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Abstract

This work in progress describes a new peer mentor program for first year mechanical engineering students at a large public institution in the intermountain west. The program was initiated to help address the high attrition rate in the major, which at this institution is on par with the national average (according to ASEE, 40-50% of engineering students will drop out or transfer to another major). According to “Leaving Engineering: A Multi-Year Single Institution Study” (Mara, Shen, Rogers & Bogue, 2006), the top three reasons students will leave an engineering-based discipline in the first year of study are: (1) the perceived lack of belonging in an engineering program, (2) issues related to difficulty of curriculum and (3) poor teaching or advising. It is expected that the peer mentor program will impact retention by creating a sense of belonging in the department and at the university. Peer mentor programs have been shown to increase both (1) levels of student success during the transition to higher education and (2) the likelihood of students identifying with the university community in multiple studies. In an effort to help new students feel included, this department of mechanical engineering has implemented a peer-mentoring program to serve all students new to the major, including incoming first-year and transfer students. The program distinguishes itself from similar peer-mentoring programs in the following ways. First, the program is administered by the mechanical engineering department and services only mechanical engineering students to allow for major-specific focus and unity between the peer mentors and their mentees. Second, the peer-mentoring program is an “opt-out” program, meaning all students new to the mechanical engineering department are assigned a peer mentor before their first semester in the program. Third, peer mentors are recruited on a volunteer-only basis. Lastly, efforts were made to pair mentors and students based on common demographics and interests. During the summer of 2015, a call for volunteers and application form was emailed out to all junior- and senior-level students in the mechanical engineering major. 24 volunteers were recruited, comprised of juniors, seniors, international students, men, women, honors students, transfer students, and veterans. Next, all newly admitted students to the major (students must apply and be admitted to register for mechanical engineering courses) were sent a survey asking optional demographic questions and questions regarding interests and hobbies that were also asked of the mentors on their application, in order to match students with mentors with similar backgrounds. Questions were also asked to help gauge the effectiveness of the program (another survey will be sent to the students at the end of the fall semester). New students were then matched with mentors based on the demographic and interest data, and students who did not answer the survey, or indicated that they did not want their answers to be used when pairing them with a mentor, were randomly assigned a mentor. In all, close to 250 new students were assigned a peer mentor, with each mentor assigned about 10 students. Peer mentors attended a two-hour training and were provided a training manual and peer mentor t-shirt. They were asked to email their mentees before the start of fall classes to introduce themselves and offer any advice or assistance the student may need. They were encouraged to meet in person within the first week or two of classes and an opportunity was provided to do so at a new student barbecue. Mentors were given a timeline of checkpoints to check on their mentees such as before midterm and final exams. The initial anecdotal response from new students, mentors, faculty and staff has been overwhelmingly positive. This work in progress will describe the outcomes of the first academic year of the program, comparing current with prior year attrition rates, survey outcomes, and open interview question sessions conducted with both the peer mentors and their mentees to determine the overall effectiveness of the program. We will also analyze the data to determine if there was any difference in effectiveness of pairing a student with a mentor based on similar demographics or interests, versus randomly pairing students with mentors. The program will be deemed effective if the attrition rate between first and second semesters in the program drops from previous years, and if students indicate an increased sense of belonging in the department and at the university due to the peer mentor program.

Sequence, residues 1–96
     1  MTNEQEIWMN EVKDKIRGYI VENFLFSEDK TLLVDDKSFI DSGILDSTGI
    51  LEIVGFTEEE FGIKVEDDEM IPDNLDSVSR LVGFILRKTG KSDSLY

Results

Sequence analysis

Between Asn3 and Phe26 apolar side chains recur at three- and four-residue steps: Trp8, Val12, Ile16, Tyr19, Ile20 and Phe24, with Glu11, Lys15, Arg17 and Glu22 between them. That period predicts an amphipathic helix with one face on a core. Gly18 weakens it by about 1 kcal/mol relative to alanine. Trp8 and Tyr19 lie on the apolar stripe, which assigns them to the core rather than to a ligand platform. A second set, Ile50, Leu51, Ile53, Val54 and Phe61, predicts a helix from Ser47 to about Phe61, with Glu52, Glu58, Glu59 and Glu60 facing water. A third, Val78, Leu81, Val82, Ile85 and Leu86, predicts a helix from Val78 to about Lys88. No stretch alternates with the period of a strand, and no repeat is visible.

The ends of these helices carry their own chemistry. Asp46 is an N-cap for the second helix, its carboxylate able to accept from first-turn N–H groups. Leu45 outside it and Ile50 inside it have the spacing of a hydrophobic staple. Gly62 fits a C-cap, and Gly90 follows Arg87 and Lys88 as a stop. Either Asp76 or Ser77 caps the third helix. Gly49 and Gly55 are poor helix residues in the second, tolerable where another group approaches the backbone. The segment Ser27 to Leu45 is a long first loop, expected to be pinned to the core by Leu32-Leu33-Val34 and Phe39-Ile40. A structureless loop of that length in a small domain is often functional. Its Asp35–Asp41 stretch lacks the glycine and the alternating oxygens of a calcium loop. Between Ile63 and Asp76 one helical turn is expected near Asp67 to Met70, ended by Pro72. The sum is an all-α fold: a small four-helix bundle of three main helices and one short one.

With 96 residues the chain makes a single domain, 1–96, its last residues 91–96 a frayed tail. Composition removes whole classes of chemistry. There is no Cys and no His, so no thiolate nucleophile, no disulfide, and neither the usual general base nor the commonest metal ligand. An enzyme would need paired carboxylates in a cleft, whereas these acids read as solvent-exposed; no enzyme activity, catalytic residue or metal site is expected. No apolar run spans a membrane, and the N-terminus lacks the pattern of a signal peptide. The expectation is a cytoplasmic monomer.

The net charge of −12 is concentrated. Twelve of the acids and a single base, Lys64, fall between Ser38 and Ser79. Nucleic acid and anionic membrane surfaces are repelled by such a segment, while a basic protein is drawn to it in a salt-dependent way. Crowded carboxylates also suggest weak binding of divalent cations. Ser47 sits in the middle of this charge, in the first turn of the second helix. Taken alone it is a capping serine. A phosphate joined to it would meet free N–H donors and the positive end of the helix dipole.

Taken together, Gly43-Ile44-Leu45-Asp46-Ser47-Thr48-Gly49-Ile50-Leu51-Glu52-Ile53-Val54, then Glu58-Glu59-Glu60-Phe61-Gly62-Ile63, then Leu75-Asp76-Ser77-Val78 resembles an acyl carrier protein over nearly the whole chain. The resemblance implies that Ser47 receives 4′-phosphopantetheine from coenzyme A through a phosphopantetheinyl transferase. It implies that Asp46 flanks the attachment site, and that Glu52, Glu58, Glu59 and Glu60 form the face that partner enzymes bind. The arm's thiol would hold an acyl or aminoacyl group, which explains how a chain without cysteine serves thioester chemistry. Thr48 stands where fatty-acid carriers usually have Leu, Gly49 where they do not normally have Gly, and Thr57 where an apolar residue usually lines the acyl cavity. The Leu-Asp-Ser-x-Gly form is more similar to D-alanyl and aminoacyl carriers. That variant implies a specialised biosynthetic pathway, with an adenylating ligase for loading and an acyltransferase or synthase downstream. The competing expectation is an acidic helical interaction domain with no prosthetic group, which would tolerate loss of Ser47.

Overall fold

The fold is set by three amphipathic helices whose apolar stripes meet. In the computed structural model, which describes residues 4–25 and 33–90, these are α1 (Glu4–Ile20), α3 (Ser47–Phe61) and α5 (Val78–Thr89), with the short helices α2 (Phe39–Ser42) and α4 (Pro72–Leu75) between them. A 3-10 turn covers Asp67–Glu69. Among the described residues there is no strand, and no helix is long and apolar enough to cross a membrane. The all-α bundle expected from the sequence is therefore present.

Brown, N. N., & Velarde, J., & Mascaro, D. J. (2016, June), Using Peer Mentoring to Enhance Student Experience and Increase Retention in Mechanical Engineering Paper presented at 2016 ASEE Annual Conference & Exposition, New Orleans, Louisiana. 10.18260/p.27157